In the next place he was thoroughly honest and candid in dealing with his clients. He never encouraged the litigious spirit. He was not always able to control or restrain it, but he always made a client feel that he was as truly working for him as if he had himself been the client.

Again, Mr. Ives was a very confident man in the advocacy of his opinions. He thoroughly believed his client to have the right of the cause and that the right would prevail. He could hardly argue any interlocutory motion without adverting to the merits of the case. No judge or jury was ever in doubt about the sincerity of his opinions.

He also possessed great versatility of mind. He was quick to see the answer to the arguments from the other side, quick to see the mental reservations of a reluctant witness, and to detect the inconsistencies of a swift witness. After the professional labors of the day he could readily apply his mind to other subjects, especially those of a literary character, which were his delight.

Mr. Ives was always very kind and generous to the junior members of the bar, especially to those who had been compelled to rely upon themselves for their education. No such young lawyer went to his office in vain. At the bar meeting, called to do honor to his memory, the most touching professional tribute there paid was the ready and hearty utterance, from many young lawyers, who had had occasion to appreciate his kindness, of their feeling of personal affection and gratitude.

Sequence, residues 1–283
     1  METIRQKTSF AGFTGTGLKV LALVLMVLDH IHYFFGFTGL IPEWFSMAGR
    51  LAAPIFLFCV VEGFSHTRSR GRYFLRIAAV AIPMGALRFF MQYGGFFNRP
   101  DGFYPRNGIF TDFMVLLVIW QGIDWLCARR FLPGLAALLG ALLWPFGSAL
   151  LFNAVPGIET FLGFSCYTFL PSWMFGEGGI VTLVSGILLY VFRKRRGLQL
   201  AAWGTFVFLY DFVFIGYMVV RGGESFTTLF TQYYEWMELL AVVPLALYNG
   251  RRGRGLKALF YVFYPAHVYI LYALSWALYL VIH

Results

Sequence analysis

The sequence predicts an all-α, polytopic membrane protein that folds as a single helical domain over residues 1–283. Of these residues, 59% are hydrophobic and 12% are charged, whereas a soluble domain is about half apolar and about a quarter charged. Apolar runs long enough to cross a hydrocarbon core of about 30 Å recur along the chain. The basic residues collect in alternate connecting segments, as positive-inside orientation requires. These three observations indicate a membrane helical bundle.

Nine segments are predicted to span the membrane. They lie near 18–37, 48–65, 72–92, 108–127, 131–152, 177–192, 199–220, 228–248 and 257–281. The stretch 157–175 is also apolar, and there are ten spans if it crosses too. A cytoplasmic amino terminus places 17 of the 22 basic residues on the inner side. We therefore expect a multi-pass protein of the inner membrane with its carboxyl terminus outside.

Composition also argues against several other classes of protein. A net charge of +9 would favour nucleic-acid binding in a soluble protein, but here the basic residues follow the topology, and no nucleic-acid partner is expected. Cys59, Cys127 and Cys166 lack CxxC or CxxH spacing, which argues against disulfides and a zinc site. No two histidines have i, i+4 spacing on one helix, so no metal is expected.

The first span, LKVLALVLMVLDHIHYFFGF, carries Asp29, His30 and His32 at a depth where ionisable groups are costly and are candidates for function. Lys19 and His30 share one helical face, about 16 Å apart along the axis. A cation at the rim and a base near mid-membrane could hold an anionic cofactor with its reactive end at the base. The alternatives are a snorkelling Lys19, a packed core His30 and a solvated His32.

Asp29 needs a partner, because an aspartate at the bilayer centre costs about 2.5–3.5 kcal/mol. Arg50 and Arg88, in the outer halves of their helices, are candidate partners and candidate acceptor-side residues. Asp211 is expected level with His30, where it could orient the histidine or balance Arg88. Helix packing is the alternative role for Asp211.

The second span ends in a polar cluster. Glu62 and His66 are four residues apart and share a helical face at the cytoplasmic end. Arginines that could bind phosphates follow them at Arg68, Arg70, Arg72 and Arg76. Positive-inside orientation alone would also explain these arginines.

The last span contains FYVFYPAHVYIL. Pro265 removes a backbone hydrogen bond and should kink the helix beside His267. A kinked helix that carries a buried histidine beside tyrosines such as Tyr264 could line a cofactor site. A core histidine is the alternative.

While Mr. Ives remained in a full and laborious practice to the end, yet, in order to attain the rest required by advancing years, he spent a portion of the winters of 1879 and 1880 at Nassau, in the island of New Providence. He wrote a series of bright and sparkling letters concerning the place and its inhabitants, to a New Haven paper, and the favor with which they were received gave an additional impulse to his natural literary enthusiasm, and the result was a charmingly-written book entitled "Isles of Summer, or Nassau and the Bahamas," delayed in its issue, however, by various causes, until the day after his death.

Mr. Ives was married in 1851 to Catharine M. Osborne, of New Haven, who survives him. He left three children, two daughters, and a son, who bears his name, and is a promising young lawyer of the New Haven bar.

Mr. Ives led a consistent Christian life, and was from his early manhood and through life a communicant in the Congregational denomination.

One of the resolutions adopted by the bar in his memory is altogether too apt and fitting to be omitted from this notice:

"Resolved, That in the death of Charles Ives, Esq., the President of this Bar, the profession has to deplore the loss of one of its oldest and foremost members. A ready speaker, careful in the preparation of his cases, vigilant to protect the interests of his clients, always at his post and punctual to every engagement, his place is one which it will be difficult to fill, and his life furnishes a signal example to his younger brethren of what can be accomplished by earnest endeavor and faithful application to the duties of their calling."